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​Sports Drinks & Their Tie To Childhood Obesity

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At the beginning of every year, most of us make resolutions to improve our health. I’m no different. This year, as part of my healthy eating goals, I decided to take some steps to reduce the simple sugars that my family and I consume. One of these steps included completely cutting out sports drinks from my kids’ diet.

This might seem like a pretty drastic step, considering sports drinks are a staple beverage in most family fridges. However, I believe they actually do more harm than good to our kids’ health and may even contribute to the rising cases of childhood obesity. I did some research on my own and found that my suspicions were right.

What Do Sports Drinks Contain?

Sports drinks are marketed as healthy alternatives to soda and juices and most parents buying them believe they have nutritive value. However, experts are worried about the high number of children drinking sports drinks unnecessarily and have raised alarm over the negative health impact this might have.

So what exactly do sports drinks contain? Well, though the content varies with individual brands, a typical sports drink contains water, carbohydrates in form of sugars as well as electrolytes (mainly sodium and potassium). The sugars or sweeteners commonly found in these drinks include high fructose corn syrup, cane juice, sucrose, fructose or brown rice syrup. These sugars are the ones that present a major health concern.

Because sports drinks are primarily formulated to help people rehydrate and re-energize during or after intense physical activity, they’re usually rich in carbohydrates and simple sugars which are the most efficient sources of energy for the body. In fact, some 32-ounce bottles of full-calorie sports drinks contain as much as 14 teaspoons of sugar! This is beneficial for athletes and individuals who regularly engage in heavy exercise since it can easily be broken down to provide energy for the muscles.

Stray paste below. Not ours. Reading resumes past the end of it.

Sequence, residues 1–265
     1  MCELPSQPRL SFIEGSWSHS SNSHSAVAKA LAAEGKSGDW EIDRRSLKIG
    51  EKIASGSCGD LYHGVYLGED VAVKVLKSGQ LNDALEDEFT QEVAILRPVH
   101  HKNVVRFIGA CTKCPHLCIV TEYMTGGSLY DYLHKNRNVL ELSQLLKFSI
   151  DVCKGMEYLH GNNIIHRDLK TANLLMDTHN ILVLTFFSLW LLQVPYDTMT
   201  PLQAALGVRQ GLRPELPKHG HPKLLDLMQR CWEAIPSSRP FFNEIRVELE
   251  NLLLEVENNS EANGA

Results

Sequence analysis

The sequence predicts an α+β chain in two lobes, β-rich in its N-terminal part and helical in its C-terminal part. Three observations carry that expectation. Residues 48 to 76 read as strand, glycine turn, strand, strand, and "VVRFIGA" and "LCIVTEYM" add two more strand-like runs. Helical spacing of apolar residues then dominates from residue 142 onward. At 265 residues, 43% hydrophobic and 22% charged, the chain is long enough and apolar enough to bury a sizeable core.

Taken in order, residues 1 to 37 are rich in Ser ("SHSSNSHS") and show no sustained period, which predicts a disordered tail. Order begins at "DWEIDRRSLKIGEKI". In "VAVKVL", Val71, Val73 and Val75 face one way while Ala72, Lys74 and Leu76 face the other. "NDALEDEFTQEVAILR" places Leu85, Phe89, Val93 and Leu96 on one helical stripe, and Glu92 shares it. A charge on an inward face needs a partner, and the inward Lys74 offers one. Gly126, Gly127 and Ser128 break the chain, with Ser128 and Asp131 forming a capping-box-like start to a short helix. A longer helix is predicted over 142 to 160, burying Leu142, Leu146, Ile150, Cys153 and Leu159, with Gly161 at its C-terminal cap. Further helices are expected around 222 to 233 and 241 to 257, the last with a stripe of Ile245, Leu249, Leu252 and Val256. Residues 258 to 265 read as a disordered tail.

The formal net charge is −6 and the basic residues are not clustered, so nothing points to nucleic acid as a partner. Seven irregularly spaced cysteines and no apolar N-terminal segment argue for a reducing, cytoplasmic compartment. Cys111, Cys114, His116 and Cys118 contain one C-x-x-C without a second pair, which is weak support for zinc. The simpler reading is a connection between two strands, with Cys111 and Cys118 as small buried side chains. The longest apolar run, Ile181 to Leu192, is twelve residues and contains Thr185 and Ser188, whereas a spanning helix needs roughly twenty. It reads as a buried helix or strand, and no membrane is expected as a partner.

The Health Impact on Children

The high sugar content in sports drinks is detrimental to kids’ health. Unlike athletes, most children today are simply not active enough to burn all the extra calories in these beverages. Their energy demands are not that high. It is, therefore, no surprise that all these calories accumulate in the body, increasing the risk of overweight or childhood obesity.

The sugar in sports drinks isn’t the only thing to worry about. These beverages also contain citric acid which dentists believe erodes the tooth enamel, exposing kids to cavities and tooth decay. Don’t forget the extra sodium intake too, which children could definitely do without.

These are the reasons that informed the sports drink ban in our house. Nowadays, if my children want to cool down after a hard day of playing, I make sure they have plenty of clean drinking water, freshly-made juice or nutritious smoothies. These are not only thirst-quenching but also provide an extra nutritional boost to help my kids grow healthy and strong.

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